New Legislation Introduced Addressing Health, Nutrition, and Research
During the last month, there have been numerous bills introduced relating to health, nutrition, and research.
The American Cures Act and the American Innovation Act introduced by Representative Richard Durbin (D, IL) are both designed to create mandatory funds to provide steady, predictable funding for breakthrough research at America’s top research agencies, allowing the United States to remain a leader in development and discovery for decades to come. “If we want to find treatments and cures to disease, spur job growth, improve national security, and develop the technology of the future, then we must empower our federal research agencies. The American Cures Act and the American Innovation Act provide the robust funding needed to ensure America leads the world in breakthrough discoveries,” Durbin said.
Representative Frank Lucas (R, OK) reintroduced The Securing American Leadership in Science and Technology Act, (SALSTA) which would double the investment in basic research over the next decade to protect the economic and national security of the United States. “We need to protect U.S. research from theft while also maintaining the transparent and cooperative environment that generates scientific discoveries,” said Lucas.
Senators Bob Casey (D-PA) and Susan Collins (R-ME) reintroduced the Wise Investment in our Children Act (WIC Act) that would expand child eligibility for the Special Supplemental Nutrition Program for Women, Infants and Children (WIC) to age six or the beginning of kindergarten, expand postpartum eligibility to two years, and extend infant certification periods to two years. The long-term benefits of nutrition for children are immeasurable—when children are well-nourished early in life they’re healthier and do better in school,” said Casey.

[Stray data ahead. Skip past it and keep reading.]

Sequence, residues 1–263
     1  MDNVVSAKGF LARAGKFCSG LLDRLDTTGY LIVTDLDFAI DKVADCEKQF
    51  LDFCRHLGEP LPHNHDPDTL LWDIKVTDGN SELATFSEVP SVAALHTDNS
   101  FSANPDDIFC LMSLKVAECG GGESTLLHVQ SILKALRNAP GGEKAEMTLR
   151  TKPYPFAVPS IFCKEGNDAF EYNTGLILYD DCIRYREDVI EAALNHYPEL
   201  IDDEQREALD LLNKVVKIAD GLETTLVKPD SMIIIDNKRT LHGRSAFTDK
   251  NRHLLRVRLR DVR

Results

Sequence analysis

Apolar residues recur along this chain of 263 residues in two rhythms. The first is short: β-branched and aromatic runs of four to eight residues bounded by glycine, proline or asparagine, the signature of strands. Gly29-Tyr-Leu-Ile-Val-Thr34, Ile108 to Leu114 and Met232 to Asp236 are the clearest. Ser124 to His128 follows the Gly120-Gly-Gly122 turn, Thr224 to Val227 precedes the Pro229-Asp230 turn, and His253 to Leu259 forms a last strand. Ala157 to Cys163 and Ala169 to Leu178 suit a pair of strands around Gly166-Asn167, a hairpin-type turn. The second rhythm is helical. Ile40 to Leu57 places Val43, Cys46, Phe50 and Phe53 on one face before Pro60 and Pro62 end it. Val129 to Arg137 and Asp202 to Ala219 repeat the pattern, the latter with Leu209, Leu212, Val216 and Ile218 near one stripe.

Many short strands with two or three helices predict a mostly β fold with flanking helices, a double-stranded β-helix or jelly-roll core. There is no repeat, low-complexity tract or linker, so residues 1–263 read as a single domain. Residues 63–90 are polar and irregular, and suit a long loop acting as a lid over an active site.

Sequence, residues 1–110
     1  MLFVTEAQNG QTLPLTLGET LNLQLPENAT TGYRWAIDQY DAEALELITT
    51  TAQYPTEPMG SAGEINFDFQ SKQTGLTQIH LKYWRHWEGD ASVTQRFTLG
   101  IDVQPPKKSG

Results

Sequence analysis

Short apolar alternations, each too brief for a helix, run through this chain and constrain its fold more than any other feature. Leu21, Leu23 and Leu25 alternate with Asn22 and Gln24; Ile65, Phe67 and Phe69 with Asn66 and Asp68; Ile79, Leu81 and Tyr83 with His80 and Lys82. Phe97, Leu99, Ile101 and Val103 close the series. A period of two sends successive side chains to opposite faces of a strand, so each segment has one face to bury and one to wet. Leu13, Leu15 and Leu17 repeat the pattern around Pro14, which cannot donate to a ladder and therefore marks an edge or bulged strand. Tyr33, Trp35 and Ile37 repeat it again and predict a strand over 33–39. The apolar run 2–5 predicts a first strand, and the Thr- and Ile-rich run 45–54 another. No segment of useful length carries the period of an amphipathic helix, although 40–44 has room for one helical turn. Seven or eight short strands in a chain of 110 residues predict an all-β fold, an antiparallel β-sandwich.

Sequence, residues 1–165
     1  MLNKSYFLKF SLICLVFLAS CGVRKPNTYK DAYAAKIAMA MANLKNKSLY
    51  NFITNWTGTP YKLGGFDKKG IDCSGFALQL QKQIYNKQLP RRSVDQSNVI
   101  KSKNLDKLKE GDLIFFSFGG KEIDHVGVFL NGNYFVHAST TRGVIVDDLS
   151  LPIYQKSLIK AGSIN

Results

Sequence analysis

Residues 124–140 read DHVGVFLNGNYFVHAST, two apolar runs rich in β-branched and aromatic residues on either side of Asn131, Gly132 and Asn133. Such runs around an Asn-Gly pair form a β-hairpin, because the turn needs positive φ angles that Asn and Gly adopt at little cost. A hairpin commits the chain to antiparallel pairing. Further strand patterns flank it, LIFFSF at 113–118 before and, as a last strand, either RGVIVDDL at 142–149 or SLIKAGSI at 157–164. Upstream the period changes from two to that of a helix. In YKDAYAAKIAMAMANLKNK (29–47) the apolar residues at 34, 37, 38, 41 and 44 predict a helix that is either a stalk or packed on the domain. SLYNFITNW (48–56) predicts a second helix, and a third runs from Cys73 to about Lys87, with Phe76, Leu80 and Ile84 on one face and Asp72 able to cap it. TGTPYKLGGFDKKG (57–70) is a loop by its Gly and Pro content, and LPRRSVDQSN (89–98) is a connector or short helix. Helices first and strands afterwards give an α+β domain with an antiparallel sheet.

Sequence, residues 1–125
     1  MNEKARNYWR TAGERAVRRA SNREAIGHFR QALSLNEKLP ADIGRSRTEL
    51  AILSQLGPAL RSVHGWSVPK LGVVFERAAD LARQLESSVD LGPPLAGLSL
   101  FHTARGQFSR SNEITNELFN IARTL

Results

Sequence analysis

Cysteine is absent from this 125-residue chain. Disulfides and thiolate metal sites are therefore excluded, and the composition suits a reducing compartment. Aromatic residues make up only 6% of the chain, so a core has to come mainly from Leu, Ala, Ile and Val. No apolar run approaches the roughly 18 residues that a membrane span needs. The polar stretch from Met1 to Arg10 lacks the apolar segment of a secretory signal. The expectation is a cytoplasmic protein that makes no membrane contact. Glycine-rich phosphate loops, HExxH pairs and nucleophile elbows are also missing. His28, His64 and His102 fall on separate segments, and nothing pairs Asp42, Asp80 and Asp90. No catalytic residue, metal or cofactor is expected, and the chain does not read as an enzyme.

The United States Department of Agriculture (USDA) will increase the Supplemental Nutrition Assistance Program (SNAP) benefits for an estimated 25 million people in very low-income households that had not received at least $95 per month in increased benefits through COVID-19 enhancements authorized by Congress. The increases vary state-by-state. “As part of President Biden’s commitment to deliver economic relief, and ensure every family can afford to put food on the table, today’s actions will provide much-needed support for those who need it most,” Agricultural Secretary Tom Vilsack said.